The earthenware vessel of this ceremony is a picture of Christ’s dwelling in a human body which would eventually be used in the sacrifice. The bird being slain over flowing water alludes to the Messiah’s ever-flowing and ever-cleansing efficacy of His blood in the redeeming process.

#2- More birds, wood, hyssop, and blood

He shall take the live bird with the cedarwood and the scarlet yarn and the hyssop, and dip them and the live bird in the blood of the bird that was killed over the fresh water. (v.6)

The cedarwood tree represents the cross on which the Messiah hung and a small reed of hyssop supported the sponge that was dipped in vinegar wine and given to Him to quench His thirst as He hung there. The blood and the water were reflected by the blood and water that flowed from the side of Yeshua when the spear was jammed into His side (John 19). The live bird in this scene gained it’s freedom only after it was dipped in the blood of the slain bird. The Messiah, being that slain bird, who’s blood paid for our release.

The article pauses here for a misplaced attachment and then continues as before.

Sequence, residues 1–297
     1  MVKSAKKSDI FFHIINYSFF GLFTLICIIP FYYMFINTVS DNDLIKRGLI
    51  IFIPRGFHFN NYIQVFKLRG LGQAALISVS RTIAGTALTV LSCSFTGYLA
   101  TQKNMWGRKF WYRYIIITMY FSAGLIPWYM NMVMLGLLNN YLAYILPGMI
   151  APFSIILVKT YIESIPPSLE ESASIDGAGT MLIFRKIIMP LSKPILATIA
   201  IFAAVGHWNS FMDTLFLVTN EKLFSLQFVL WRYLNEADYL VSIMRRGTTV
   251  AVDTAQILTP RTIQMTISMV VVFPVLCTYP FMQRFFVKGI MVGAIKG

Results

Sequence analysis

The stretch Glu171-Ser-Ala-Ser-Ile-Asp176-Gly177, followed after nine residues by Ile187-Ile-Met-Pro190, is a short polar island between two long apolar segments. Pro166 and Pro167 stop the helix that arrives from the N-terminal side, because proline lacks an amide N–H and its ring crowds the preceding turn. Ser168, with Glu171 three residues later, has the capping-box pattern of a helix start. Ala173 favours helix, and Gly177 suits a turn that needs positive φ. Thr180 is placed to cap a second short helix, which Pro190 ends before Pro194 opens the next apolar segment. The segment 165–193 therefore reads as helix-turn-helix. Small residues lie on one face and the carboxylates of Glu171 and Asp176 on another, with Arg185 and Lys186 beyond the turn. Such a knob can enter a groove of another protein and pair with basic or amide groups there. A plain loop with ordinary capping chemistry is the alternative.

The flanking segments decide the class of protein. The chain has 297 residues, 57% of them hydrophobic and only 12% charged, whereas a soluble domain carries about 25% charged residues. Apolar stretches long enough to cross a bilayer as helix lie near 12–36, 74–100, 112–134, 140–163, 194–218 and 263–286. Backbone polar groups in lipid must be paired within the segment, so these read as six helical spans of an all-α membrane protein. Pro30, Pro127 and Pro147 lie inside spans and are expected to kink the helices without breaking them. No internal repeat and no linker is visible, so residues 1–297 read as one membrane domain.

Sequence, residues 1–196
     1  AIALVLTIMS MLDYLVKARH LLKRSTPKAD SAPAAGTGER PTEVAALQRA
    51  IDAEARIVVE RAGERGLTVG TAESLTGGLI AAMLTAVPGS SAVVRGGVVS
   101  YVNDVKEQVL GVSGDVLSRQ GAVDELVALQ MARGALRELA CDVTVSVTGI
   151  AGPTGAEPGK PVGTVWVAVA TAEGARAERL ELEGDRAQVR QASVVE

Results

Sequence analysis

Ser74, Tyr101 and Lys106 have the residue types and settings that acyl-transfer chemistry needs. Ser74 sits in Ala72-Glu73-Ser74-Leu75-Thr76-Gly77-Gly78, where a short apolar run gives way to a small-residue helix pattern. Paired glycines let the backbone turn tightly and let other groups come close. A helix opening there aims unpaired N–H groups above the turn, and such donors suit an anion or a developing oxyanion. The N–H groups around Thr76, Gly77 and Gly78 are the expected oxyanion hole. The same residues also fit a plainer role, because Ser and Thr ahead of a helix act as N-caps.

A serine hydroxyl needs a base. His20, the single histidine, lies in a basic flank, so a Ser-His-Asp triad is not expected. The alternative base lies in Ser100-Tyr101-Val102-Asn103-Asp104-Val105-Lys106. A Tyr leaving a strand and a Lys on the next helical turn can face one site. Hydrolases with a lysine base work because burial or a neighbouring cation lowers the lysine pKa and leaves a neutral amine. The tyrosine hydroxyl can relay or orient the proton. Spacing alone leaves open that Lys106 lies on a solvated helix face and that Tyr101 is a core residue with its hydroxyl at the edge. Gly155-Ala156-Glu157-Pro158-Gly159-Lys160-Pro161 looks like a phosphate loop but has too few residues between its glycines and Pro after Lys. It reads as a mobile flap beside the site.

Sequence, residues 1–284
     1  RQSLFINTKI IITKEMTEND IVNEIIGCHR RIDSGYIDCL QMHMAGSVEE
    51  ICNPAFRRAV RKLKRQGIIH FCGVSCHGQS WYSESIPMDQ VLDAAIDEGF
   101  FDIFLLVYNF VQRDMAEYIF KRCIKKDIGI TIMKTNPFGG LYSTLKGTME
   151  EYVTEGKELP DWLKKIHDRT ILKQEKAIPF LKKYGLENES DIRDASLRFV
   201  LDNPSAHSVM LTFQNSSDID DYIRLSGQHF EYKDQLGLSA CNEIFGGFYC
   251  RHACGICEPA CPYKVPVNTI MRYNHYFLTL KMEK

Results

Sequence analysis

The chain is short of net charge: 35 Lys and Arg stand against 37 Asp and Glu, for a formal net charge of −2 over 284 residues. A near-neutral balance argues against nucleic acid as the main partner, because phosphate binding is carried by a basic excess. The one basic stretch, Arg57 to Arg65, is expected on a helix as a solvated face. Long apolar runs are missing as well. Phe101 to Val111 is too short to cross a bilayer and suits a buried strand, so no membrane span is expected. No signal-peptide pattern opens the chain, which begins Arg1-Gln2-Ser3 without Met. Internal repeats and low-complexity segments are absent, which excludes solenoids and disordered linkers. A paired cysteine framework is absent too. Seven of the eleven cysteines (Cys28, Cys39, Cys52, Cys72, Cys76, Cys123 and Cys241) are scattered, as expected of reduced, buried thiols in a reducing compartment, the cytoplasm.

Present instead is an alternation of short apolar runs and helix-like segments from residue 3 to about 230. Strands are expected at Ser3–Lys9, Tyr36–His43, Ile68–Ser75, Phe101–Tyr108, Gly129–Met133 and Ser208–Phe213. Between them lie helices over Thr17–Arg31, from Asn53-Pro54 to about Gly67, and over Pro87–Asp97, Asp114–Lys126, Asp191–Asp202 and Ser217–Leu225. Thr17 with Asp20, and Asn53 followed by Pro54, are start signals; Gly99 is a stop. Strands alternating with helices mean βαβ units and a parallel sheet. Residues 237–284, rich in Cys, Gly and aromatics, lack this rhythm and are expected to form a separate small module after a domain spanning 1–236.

#3- One last mention of birds

And he shall sprinkle it seven times on him who is to be cleansed of the leprous disease. Then he shall pronounce him clean and shall let the living bird go into the open field. (v. 7)

Seven is the number of completion in the bible. The blood being sprinkled seven times shows the completeness of the Messiah’s sacrifice in cleansing the leper, the sinner, you and me. We are said to have been sprinkled clean by the blood of Christ (1 Peter 1).

#4- The blood of the Lamb